Affiliate Marketer, Will Your State Put You Out of Business?


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3 Comments

taxes2It all started with New York and the now infamous ‘Amazon’ tax. New York was the first state to decree that if you had an NY affiliate who received a referral fee for selling your product, then that was enough to mean you had nexus.

Nexus means connection. And that connection meant that you were now responsible for collecting New York sales tax. So, what if you live in Texas, ship from Texas and sell to a Texas customer? You collect Texas sales tax, right? Well, New York says if you have a New York affiliate help you with the sale, you’re supposed to collect New York sales tax. It’s a mess. And that’s why Amazon challenged the law in New York court. And lost.

So Amazon and other websites cancelled their contracts with affiliates who lived in the state of New York. In effect, if you live in New York, you can’t be an affiliate marketer.

Other states have joined in on the bandwagon with both Rhode Island and North Carolina passing ‘Amazon’ tax laws.

Other states, now desperate for money, are talking about adding their own version. Most of these would go into effect, if passed, by June or July of this year.

They are:

    California
    Colorado * (if passed, will come into effect March 1st)
    Connecticut
    Florida
    Hawaii
    Idaho
    Illinois
    Maine
    Maryland
    Minnesota
    Missouri
    New Mexico
    South Carolina
    Tennessee
    Texas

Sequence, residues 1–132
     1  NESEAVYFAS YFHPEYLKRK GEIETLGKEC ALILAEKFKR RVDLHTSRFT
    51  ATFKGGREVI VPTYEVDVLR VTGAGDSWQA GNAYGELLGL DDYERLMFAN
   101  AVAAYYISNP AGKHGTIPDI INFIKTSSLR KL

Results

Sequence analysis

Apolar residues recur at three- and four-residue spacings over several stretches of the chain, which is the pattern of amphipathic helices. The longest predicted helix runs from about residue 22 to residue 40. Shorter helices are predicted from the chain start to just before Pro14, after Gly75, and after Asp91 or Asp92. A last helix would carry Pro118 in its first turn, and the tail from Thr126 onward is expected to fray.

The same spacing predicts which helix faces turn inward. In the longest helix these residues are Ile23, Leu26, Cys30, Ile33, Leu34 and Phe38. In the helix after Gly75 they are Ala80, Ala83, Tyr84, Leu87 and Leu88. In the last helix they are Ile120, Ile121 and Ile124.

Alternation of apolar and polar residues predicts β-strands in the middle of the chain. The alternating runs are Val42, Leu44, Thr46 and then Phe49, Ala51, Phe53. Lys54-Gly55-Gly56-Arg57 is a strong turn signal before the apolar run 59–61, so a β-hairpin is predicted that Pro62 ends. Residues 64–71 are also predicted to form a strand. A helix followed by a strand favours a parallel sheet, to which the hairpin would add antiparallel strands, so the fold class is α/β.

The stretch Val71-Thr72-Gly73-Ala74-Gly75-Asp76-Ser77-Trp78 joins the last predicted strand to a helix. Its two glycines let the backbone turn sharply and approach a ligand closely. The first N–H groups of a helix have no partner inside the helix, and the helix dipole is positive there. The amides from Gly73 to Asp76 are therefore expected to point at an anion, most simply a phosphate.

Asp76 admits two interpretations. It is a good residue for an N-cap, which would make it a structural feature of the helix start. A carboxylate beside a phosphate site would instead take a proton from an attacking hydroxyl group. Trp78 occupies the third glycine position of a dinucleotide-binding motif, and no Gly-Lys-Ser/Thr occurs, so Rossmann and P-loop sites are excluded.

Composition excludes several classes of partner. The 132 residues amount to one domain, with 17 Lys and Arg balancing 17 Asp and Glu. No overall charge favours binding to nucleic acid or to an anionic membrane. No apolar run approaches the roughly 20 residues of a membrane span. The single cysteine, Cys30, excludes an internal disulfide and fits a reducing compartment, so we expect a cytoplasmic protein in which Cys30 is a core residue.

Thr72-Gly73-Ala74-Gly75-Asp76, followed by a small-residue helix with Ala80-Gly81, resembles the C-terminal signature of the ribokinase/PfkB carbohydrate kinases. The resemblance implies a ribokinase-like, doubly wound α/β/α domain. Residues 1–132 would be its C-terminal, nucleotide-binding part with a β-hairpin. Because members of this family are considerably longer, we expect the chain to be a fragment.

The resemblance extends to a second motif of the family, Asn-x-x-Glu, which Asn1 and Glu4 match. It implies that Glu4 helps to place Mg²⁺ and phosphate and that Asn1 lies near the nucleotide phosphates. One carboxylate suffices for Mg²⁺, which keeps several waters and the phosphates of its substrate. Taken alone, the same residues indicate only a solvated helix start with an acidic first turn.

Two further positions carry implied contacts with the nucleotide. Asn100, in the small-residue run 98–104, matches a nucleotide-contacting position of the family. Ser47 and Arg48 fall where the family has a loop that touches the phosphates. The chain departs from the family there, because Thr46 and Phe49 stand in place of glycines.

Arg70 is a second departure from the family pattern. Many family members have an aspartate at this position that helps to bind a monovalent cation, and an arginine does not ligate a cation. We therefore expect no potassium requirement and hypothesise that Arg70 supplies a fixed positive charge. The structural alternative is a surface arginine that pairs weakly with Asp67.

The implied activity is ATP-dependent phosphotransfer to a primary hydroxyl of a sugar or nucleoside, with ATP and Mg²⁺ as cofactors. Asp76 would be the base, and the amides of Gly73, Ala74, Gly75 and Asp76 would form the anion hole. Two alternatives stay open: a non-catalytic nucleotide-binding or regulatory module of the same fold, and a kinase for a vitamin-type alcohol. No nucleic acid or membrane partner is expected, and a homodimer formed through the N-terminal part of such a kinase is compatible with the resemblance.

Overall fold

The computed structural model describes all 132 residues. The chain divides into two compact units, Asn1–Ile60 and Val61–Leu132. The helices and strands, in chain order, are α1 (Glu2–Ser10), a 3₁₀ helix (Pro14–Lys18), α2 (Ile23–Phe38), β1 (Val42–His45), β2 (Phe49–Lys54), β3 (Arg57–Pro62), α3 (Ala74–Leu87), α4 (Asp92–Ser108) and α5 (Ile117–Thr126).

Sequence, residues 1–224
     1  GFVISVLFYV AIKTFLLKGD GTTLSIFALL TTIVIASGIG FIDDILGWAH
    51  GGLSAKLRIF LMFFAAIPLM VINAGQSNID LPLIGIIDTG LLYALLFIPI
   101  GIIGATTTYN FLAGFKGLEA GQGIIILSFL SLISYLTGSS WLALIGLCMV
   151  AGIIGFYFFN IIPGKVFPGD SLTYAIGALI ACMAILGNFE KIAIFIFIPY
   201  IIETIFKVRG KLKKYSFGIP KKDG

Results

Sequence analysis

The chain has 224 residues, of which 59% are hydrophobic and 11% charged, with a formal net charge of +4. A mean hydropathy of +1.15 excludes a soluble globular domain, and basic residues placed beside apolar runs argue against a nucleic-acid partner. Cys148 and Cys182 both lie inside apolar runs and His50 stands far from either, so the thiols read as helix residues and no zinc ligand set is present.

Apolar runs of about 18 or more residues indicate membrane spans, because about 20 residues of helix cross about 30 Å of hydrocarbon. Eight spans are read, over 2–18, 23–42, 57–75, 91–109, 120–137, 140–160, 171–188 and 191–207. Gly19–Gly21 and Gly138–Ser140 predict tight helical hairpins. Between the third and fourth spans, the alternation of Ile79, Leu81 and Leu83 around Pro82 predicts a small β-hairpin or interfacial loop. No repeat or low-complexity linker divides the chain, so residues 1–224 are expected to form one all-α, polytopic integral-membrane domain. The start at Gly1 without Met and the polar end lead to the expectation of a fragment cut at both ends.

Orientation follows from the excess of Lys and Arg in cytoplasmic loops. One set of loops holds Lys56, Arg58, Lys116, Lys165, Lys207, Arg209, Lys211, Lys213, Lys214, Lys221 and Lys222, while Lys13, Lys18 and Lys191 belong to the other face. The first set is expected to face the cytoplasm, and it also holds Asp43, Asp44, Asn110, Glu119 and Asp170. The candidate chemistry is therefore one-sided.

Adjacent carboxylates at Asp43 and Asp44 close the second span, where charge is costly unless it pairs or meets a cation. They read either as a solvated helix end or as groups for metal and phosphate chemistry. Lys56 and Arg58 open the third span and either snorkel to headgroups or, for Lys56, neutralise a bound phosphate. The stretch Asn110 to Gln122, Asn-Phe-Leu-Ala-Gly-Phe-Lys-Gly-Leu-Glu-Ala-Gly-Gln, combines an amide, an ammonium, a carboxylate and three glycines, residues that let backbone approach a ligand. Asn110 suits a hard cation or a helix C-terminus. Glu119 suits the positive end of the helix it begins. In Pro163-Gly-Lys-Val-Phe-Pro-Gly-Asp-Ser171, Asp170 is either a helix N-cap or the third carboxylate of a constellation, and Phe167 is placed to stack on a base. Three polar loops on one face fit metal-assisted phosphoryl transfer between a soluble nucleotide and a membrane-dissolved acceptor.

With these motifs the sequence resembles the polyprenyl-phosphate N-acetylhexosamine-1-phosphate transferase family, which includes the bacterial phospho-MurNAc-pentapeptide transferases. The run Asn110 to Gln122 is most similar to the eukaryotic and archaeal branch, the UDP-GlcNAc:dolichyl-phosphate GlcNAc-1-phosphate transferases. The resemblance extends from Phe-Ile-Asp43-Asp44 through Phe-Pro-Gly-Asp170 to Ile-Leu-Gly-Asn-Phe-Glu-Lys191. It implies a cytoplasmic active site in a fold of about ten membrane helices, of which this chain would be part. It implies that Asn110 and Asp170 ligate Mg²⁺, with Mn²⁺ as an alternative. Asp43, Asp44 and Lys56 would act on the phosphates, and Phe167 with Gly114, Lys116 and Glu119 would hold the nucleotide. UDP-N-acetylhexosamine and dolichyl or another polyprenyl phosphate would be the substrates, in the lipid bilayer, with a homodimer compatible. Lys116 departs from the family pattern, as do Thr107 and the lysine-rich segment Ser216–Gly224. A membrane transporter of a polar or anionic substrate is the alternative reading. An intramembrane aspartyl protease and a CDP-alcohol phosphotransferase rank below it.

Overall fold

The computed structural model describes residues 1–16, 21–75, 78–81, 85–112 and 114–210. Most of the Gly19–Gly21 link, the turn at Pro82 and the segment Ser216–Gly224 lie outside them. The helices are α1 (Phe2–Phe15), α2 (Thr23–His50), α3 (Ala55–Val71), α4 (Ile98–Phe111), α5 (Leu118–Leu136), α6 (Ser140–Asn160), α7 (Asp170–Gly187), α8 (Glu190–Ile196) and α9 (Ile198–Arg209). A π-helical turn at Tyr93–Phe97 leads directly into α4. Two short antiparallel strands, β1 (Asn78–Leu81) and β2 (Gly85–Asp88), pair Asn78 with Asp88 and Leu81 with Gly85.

Vermont
    Virginia
    West Virginia
    Wisconsin

Mississippi just defeated their version of the ‘Amazon’ tax. Nevada’s governor is talking about his new budget plan that will include a version for Nevada.

Remember too if you have a website, then you need to be careful if you have affiliates in any of these states. You’ll need to start collecting sales tax on any sales that they help with. Most likely, it’s easier to just go the route of Overstock.com, Amazon.com and other big Internet businesses and cancel the affiliates in these states.



3 Comments

  1. Megan Hughes says:

    Hi Scott,

    Unless you live in Alaska, I think this approach could be problematic. The IRS will want to characterize at least part of the income as earned. You’re working directly in the business to create the income stream – it doesn’t happen unless you work to make it happen.

    Once that happens you have an obligation to register the business in your home state, with both the secretary of State and the state tax department. And when that happens, I believe you are back to square one.

  2. Many affiliates are no longer accepting us due to being based in North Carolina. This Amazon Tax is spreading like wildfire – even hitting Hawaii! I’m thinking the safest bet is to LLC in Alaska. Alaska has no sales tax or personal income tax. Does anyone see any problems with my thought?

  3. Megan Hughes says:

    I think one of the keys to defeating this legislation is to reach out to your state legislators, on FaceBook, Twitter, etc., and tell them how this bill will harm people. The thing I’m learning is that the nexus tax isn’t realizing any real money for states. Rhode Island has made next to nothing. Why? Because the big companies simply sever their ties with in-state affiliates. So not only is no tax gained on those sales, but there is also income tax lost on the income the affiliate would have otherwise earned, and lost sales tax on the stuff that affiliate would have bought with that income.

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